January 8, 2011

Limits to Growth

From John Michael Greer, "The Tarpaper Shack Principle"

It’s always fascinated me that in a society that claims to make most of its decisions on the basis of economics, so few people grasped the essentially economic argument at the core of the Limits to Growth analysis. That study did not claim, as so many people still insist it claimed, that the resources on which industrial society depends are going to up and run out one of these days. It proposed, rather, that the real costs of extracting resources and dealing with the consequences of environmental pollution, both of which are driven by economic growth, necessarily increase faster than the rate of economic growth itself, and sooner or later will force industrial civilization to its knees.

Perhaps the most visible signpost along the way to that destination is the point at which a society can no longer provide for its future and pay its current expenses out of existing resources. You know that point has arrived when a society begins neglecting its infrastructure, slashing basic services, discarding those economic sectors that cost too much to maintain, and abandoning those people who lack the political clout to make good a claim on slices of the dwindling pie. Readers here in America who don’t find this description oddly familiar are encouraged to take a good hard look out the nearest window.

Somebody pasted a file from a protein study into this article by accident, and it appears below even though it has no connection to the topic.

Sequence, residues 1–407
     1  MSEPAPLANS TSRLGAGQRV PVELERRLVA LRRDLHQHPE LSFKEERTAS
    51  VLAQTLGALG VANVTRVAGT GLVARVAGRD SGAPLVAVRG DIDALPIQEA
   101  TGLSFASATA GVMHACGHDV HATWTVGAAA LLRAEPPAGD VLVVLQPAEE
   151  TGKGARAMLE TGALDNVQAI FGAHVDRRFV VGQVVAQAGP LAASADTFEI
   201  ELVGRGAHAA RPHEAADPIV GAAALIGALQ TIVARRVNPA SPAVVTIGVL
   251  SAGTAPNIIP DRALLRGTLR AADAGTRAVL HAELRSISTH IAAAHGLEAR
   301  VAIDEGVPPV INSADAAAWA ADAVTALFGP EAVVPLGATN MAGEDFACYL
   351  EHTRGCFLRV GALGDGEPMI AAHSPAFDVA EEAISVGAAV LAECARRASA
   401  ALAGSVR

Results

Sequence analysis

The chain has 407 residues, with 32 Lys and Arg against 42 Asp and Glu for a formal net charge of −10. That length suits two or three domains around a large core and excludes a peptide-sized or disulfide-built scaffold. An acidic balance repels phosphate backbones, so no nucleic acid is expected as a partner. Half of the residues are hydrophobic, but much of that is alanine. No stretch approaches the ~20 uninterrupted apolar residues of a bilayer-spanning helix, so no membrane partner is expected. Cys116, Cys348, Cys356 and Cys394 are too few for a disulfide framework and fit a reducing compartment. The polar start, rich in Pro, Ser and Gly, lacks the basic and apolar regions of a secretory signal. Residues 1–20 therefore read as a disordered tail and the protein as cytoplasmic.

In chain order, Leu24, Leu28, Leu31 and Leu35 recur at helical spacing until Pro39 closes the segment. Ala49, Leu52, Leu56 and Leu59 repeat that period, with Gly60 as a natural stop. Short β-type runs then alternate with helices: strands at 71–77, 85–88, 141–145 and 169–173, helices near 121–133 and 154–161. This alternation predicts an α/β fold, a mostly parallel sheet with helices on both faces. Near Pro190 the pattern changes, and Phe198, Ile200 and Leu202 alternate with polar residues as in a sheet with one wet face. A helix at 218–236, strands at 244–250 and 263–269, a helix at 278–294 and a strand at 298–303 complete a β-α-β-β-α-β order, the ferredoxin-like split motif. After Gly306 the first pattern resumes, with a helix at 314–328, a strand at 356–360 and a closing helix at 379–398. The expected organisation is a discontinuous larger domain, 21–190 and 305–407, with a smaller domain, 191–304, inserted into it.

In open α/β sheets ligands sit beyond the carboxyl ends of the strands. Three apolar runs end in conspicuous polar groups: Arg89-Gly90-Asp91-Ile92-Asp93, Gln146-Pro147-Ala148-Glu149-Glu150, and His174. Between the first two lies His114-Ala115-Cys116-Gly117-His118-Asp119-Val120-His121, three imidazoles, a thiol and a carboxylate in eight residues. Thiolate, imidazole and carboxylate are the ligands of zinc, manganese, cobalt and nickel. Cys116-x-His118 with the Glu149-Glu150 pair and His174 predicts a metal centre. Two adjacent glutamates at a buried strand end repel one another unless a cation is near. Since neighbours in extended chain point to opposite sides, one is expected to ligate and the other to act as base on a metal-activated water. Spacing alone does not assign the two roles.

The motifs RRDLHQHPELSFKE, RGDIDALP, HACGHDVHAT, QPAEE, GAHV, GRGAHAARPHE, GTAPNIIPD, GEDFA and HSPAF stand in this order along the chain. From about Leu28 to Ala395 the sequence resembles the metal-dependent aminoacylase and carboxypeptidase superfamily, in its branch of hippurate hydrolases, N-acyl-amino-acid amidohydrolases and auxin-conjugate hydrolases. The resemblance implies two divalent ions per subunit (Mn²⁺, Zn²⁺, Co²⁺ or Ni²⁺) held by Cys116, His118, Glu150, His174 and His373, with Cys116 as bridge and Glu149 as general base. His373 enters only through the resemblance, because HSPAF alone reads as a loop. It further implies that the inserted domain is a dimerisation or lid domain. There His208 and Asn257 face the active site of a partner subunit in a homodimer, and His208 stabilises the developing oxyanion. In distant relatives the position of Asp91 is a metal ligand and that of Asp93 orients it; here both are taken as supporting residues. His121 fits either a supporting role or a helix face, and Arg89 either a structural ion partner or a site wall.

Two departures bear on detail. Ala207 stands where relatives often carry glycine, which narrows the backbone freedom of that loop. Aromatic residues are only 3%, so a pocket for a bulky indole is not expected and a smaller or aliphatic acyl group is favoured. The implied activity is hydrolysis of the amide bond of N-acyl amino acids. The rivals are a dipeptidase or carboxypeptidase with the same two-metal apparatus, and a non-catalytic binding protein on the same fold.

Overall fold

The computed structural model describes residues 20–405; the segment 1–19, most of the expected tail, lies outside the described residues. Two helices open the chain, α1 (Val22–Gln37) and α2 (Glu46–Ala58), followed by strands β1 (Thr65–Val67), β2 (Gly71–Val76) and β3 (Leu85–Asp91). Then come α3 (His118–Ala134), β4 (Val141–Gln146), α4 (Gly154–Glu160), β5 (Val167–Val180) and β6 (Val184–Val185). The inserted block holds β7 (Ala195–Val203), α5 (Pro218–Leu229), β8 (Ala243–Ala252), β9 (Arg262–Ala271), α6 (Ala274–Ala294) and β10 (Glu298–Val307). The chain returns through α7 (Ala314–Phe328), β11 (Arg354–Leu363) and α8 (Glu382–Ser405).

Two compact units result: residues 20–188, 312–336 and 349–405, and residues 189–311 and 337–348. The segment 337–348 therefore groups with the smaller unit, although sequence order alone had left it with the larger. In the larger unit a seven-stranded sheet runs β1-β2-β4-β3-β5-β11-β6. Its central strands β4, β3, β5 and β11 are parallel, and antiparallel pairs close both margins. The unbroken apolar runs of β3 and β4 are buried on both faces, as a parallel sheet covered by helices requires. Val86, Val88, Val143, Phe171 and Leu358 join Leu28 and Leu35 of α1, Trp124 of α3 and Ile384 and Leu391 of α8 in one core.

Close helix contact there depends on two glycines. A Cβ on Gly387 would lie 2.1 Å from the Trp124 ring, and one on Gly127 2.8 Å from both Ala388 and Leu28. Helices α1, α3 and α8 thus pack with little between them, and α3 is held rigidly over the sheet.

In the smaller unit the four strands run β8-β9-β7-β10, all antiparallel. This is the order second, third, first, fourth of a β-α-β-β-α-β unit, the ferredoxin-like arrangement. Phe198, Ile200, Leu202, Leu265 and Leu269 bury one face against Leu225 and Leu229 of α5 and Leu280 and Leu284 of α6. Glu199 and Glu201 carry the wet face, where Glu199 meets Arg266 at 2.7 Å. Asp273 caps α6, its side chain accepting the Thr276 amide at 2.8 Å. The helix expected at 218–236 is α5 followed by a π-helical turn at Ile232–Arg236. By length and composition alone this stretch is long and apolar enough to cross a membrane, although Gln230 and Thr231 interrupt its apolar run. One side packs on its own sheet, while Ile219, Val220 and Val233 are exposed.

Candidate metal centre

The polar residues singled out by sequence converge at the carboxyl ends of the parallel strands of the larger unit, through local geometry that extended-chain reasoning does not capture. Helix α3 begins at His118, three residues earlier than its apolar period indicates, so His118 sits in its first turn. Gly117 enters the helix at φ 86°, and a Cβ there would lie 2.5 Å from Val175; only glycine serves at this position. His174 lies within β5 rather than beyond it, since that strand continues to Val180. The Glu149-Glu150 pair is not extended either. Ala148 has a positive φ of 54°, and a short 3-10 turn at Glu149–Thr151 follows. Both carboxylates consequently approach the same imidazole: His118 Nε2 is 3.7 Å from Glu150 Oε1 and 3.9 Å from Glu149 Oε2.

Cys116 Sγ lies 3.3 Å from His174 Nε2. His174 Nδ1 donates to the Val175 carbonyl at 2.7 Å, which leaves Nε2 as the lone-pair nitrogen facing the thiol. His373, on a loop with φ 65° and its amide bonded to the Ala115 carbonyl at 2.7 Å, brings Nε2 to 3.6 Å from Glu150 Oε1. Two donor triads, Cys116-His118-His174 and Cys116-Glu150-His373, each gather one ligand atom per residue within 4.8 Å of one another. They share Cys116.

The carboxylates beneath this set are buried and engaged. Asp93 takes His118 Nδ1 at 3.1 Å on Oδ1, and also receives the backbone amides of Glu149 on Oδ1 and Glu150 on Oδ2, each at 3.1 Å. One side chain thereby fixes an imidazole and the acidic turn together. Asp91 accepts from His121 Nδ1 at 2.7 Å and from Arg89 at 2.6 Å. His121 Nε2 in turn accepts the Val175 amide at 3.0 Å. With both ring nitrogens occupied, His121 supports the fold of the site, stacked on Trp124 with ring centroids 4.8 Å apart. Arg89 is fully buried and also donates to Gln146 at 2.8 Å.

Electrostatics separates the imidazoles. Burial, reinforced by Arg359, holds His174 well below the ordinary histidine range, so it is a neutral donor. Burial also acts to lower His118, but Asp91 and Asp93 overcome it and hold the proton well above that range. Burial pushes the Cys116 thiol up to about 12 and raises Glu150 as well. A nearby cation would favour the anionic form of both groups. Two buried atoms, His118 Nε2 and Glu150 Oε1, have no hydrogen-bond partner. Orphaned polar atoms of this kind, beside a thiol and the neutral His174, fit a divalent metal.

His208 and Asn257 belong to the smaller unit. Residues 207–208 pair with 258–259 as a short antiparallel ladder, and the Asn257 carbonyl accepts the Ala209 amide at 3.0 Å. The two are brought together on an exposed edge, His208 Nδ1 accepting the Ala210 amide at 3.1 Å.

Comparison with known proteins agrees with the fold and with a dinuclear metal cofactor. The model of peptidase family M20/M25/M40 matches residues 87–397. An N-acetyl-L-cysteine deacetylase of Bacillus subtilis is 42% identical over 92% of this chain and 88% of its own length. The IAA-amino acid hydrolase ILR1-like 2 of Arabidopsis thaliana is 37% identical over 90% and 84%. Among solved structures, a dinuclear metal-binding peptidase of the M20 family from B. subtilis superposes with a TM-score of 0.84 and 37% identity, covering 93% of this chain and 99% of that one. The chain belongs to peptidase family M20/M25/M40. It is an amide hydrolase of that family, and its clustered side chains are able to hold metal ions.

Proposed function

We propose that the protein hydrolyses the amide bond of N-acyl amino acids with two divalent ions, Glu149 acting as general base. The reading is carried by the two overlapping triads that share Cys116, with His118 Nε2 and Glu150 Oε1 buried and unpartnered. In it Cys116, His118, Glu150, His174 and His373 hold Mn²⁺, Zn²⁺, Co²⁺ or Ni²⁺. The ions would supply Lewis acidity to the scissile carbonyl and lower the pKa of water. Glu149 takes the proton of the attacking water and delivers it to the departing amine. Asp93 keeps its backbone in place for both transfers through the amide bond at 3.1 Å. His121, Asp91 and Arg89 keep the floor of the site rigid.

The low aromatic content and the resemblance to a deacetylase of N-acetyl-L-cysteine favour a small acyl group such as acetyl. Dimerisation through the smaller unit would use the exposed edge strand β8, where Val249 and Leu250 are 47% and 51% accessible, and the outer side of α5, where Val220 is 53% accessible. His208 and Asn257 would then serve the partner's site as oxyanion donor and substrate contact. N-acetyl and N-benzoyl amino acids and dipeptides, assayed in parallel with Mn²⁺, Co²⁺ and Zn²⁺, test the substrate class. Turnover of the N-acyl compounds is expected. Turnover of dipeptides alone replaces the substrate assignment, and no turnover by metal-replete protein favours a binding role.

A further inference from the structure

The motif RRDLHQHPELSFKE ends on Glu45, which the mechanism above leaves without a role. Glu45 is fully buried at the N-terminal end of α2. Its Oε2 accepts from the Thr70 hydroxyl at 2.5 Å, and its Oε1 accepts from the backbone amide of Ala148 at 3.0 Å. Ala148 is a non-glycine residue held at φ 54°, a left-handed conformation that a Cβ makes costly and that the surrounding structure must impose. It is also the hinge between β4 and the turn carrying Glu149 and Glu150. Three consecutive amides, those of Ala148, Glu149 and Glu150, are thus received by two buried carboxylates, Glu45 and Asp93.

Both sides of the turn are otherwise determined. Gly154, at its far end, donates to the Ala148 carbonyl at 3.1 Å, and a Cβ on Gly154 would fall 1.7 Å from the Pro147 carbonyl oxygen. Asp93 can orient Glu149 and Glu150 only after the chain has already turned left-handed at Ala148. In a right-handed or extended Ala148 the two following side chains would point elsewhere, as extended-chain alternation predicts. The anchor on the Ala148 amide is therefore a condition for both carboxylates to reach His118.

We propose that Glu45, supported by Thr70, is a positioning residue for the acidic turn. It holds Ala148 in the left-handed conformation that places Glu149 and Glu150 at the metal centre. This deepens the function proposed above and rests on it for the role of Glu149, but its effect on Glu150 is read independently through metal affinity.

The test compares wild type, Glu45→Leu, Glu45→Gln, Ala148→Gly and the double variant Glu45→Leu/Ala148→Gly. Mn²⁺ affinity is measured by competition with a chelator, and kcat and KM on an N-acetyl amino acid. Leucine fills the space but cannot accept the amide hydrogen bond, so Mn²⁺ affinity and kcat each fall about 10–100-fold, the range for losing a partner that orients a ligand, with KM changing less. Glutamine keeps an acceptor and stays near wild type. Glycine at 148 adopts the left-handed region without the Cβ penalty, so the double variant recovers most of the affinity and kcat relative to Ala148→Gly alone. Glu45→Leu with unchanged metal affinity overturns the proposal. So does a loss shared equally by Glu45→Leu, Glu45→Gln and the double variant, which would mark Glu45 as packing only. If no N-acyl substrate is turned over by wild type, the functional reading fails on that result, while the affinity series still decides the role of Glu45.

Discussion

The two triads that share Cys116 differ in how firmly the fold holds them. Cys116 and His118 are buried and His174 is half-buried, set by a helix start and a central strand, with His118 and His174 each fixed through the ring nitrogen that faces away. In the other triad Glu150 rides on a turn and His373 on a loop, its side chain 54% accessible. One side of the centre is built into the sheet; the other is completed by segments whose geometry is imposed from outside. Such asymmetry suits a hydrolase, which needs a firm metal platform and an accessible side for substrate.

The consequences of that logic pose an immense challenge to the more optimistic proposals for dodging the resource crunch at the end of the age of cheap petroleum – the nuclear power plants, high-speed rail networks, immense solar installations in assorted desert countries, and the rest of it. All these would require huge inputs of real wealth – not currency, which can be manufactured at will by central banks, but energy, materials, knowledge, and labor – real wealth – which are a good deal harder to conjure up out of twinkle dust. The Limits to Growth model suggests that underneath the smoke and mirrors of the financial economy lies the awkward fact of a shortfall in real wealth, caused by the need to divert a growing fraction of real wealth to meet the direct and indirect costs of extracting resources, on the one hand, and coping with the impacts of environmental pollution on the other.

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